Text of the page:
Overcast and damp. A robin on the leg of an upturned burn barrel, looking for worms—behavior familiar from its unrelated New World namesake.
Three sparrows cling to the suet feeder, spooking at the sound of a dove’s wings. A wren pours out his liquid call from a neighboring roof.
Intermittent sun. A large butterfly blunders into the back of the garden and just as quickly disappears again.
Cloudy but with a patch too bright to look at. A carrion crow calling at the top of the ash tree suddenly adds vocal fry, like a local teen.
Within the white ring of she-loves-me, she-loves-me-not, the Fibonacci spirals of yellow florets—a fly’s unlikely carpet.
Watching the ox-eye daisies slowly open, like the sun glimpsed after days of clouds—so predictable and yet such a thrill.
Sparrows crowd in around the small birdfeeder, but only the two dominant ones get to eat—along with a pigeon, showered in spillage below.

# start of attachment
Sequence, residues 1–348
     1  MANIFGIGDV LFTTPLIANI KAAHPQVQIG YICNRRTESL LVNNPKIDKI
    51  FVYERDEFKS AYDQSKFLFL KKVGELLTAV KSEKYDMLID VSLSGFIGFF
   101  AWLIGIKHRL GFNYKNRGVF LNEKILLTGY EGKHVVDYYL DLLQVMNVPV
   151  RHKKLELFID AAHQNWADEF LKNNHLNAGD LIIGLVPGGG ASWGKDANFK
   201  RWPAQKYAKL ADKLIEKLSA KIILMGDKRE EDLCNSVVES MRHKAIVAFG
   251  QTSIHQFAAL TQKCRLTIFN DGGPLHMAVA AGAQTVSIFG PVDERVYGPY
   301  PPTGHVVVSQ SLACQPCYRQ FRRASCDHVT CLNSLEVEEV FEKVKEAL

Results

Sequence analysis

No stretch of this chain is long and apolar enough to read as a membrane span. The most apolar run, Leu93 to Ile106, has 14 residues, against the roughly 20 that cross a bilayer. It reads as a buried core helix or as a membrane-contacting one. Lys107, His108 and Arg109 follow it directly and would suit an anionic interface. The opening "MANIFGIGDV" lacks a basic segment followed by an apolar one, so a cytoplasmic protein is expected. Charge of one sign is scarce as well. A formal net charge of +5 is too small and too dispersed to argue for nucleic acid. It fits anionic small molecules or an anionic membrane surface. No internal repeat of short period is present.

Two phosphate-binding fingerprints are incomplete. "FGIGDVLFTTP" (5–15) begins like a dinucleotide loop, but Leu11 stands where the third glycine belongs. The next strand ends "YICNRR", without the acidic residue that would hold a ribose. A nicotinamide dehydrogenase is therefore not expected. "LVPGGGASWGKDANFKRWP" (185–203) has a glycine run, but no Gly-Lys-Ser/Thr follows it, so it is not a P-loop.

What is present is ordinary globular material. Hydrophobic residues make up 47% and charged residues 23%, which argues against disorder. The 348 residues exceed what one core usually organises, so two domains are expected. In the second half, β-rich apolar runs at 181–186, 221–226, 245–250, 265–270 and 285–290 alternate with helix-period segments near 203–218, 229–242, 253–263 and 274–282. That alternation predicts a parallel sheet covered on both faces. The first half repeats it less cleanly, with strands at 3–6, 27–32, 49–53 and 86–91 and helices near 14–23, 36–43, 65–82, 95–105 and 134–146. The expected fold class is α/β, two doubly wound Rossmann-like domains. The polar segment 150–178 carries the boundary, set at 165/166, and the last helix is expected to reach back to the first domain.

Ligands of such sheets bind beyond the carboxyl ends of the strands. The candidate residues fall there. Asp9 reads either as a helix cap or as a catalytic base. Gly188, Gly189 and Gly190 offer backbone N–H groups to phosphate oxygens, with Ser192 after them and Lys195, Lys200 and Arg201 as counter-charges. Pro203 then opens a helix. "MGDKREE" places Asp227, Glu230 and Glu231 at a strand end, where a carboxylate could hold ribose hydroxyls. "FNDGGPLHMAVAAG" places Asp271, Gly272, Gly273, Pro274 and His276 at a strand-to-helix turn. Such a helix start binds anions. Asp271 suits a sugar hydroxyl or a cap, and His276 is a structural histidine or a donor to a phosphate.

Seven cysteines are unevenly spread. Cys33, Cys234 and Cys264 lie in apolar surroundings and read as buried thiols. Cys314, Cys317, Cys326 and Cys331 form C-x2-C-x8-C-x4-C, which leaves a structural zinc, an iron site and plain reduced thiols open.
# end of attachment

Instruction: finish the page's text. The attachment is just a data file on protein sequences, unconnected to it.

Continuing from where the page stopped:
Sunny and warm. The neighborhood is quiet this morning: no barking dog, no builders. A single swift circles high overhead.
Sunny with the howl of power saws. Sparrows carry off the suet one beakful at a time. Some sort of heron flies over, long legs trailing behind.
From a construction crew down the block, shouted commands in a language I don’t know interspersed with the universal language of hammers.